The latest construction survey from the surveyors’ body RICS adds more weight to the forecasts that the industry is tipping into recession.
The figures show that while 19% of firms increased work in the third quarter of this year 20% saw workloads fall, providing a net balance of -1%.
Basically that’s flat and on the RICS measure the industry has been pretty much hovering between a rise and a fall for the best part of two years since it pulled itself out of the tailspin it dived into in 2008.
A sector and regional breakdown makes plain that the driver of any growth remains private commercial in London and the South East.
What should concern the industry more than the slight downturn measured in workload is the sharp fall in confidence about the future.
Expectations of workloads and employment have both shifted markedly from being modestly positive to being pretty negative. Expectations of profits are even more pessimistic.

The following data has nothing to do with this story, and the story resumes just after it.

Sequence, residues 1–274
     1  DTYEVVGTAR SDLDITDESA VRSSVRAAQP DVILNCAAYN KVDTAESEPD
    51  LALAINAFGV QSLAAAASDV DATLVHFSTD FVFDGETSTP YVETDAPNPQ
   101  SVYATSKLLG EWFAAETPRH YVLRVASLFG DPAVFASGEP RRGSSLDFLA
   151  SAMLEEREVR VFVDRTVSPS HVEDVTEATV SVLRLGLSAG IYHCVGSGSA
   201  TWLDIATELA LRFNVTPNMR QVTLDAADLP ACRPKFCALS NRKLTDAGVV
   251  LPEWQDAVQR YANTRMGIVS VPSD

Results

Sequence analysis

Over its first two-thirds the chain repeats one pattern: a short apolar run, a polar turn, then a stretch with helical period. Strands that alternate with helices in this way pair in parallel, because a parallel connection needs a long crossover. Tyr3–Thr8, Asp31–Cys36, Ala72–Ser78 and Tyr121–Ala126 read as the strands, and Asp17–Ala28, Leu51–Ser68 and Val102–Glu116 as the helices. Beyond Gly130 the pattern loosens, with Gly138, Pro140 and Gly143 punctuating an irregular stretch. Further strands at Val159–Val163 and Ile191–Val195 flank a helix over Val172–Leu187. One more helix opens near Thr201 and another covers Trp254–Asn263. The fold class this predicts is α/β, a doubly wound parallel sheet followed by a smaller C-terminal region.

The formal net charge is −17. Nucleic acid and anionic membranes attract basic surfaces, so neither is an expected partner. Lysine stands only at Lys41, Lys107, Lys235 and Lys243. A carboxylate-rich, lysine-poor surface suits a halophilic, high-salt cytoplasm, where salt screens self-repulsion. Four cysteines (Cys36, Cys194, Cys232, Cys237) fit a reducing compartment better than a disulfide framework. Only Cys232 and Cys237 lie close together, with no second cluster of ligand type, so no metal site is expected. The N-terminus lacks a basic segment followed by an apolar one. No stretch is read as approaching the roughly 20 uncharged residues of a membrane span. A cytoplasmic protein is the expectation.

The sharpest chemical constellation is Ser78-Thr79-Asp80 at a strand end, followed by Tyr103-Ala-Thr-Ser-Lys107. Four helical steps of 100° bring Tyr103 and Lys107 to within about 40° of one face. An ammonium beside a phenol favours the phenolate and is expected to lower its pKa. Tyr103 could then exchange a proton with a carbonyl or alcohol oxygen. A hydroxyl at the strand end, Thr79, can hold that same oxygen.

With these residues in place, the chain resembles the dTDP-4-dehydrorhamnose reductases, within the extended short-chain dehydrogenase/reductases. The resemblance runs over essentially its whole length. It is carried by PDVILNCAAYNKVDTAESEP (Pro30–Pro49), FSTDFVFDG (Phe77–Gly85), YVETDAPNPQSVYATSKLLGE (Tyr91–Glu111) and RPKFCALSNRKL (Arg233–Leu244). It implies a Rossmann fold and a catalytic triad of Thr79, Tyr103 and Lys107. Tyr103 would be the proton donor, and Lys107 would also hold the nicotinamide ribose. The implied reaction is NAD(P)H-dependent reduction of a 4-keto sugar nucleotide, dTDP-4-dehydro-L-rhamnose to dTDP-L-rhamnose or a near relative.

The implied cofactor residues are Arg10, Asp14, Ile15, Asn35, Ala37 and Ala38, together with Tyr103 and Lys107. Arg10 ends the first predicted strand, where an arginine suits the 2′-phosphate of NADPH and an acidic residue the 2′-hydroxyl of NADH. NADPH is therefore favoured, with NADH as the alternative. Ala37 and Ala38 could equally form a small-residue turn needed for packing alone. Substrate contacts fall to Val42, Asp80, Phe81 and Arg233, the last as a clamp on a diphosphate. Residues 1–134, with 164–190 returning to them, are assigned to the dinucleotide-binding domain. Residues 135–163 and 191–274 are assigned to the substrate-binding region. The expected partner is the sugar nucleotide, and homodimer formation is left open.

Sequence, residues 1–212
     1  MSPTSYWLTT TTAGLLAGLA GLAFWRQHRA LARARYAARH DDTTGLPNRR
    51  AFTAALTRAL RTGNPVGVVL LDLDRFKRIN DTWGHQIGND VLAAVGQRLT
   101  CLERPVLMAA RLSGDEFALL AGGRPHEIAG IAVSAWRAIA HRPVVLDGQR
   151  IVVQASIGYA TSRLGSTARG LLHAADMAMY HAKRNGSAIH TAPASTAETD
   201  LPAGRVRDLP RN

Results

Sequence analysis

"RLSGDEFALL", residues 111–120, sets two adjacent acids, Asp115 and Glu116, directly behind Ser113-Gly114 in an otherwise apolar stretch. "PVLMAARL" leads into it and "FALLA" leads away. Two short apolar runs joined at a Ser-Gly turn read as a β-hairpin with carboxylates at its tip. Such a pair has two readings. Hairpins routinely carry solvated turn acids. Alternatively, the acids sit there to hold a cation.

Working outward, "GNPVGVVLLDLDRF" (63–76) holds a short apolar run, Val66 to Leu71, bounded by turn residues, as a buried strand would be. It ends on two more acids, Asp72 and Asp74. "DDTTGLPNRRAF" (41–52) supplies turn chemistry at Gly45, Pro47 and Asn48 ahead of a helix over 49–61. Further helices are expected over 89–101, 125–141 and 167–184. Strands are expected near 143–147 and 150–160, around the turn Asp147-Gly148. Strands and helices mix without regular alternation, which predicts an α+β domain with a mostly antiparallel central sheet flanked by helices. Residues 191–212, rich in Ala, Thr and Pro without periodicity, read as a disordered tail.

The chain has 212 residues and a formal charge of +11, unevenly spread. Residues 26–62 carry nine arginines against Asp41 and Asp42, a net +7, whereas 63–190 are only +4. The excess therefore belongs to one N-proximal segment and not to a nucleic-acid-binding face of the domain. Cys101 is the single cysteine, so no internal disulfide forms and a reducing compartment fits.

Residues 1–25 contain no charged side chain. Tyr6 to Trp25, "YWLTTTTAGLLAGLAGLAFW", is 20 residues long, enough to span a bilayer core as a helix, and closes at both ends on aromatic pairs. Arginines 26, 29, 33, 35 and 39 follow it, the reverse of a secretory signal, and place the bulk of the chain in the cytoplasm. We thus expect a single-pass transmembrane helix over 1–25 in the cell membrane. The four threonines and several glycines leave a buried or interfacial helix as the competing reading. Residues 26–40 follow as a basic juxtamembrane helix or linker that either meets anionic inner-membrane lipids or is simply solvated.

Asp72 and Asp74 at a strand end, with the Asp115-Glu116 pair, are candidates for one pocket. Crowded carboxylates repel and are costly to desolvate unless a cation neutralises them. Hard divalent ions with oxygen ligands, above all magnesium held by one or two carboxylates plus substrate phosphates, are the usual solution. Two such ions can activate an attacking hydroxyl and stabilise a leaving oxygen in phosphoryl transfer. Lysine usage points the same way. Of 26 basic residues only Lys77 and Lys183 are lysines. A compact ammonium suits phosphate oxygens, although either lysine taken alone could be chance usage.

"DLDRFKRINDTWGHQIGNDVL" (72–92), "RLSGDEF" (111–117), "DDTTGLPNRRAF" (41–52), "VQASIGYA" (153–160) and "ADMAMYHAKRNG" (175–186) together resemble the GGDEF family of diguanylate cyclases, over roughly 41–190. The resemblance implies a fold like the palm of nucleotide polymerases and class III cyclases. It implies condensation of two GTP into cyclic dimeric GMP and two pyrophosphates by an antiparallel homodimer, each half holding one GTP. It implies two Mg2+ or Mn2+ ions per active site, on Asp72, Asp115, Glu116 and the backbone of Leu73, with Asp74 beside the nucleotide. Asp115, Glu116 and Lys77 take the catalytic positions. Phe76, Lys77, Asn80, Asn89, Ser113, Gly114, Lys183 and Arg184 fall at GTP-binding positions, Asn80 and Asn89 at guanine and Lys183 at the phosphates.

One particularly unsettling graph provided by the survey suggests that input costs have increased markedly while output costs have dropped. This will put a squeeze on already tight margins.
This is consistent with a weakening market pointing to the inability of firms to raise prices.
A more disturbing possibility is that it might be an early sign of the more desperate firms cutting prices to win work.
Either way this does not comfortable reading.